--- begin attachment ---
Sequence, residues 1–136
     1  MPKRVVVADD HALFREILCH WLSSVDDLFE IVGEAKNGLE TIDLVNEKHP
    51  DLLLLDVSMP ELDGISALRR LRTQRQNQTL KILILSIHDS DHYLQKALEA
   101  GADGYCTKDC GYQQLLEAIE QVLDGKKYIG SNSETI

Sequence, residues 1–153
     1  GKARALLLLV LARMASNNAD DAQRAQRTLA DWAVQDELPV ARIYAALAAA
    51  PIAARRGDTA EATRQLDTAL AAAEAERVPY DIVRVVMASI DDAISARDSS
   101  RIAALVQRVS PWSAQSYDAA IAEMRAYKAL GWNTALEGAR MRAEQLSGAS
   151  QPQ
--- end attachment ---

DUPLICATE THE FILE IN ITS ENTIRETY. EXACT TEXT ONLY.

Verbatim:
Sequence, residues 1–136
     1  MPKRVVVADD HALFREILCH WLSSVDDLFE IVGEAKNGLE TIDLVNEKHP
    51  DLLLLDVSMP ELDGISALRR LRTQRQNQTL KILILSIHDS DHYLQKALEA
   101  GADGYCTKDC GYQQLLEAIE QVLDGKKYIG SNSETI

Sequence, residues 1–153
     1  GKARALLLLV LARMASNNAD DAQRAQRTLA DWAVQDELPV ARIYAALAAA
    51  PIAARRGDTA EATRQLDTAL AAAEAERVPY DIVRVVMASI DDAISARDSS
   101  RIAALVQRVS PWSAQSYDAA IAEMRAYKAL GWNTALEGAR MRAEQLSGAS
   151  QPQ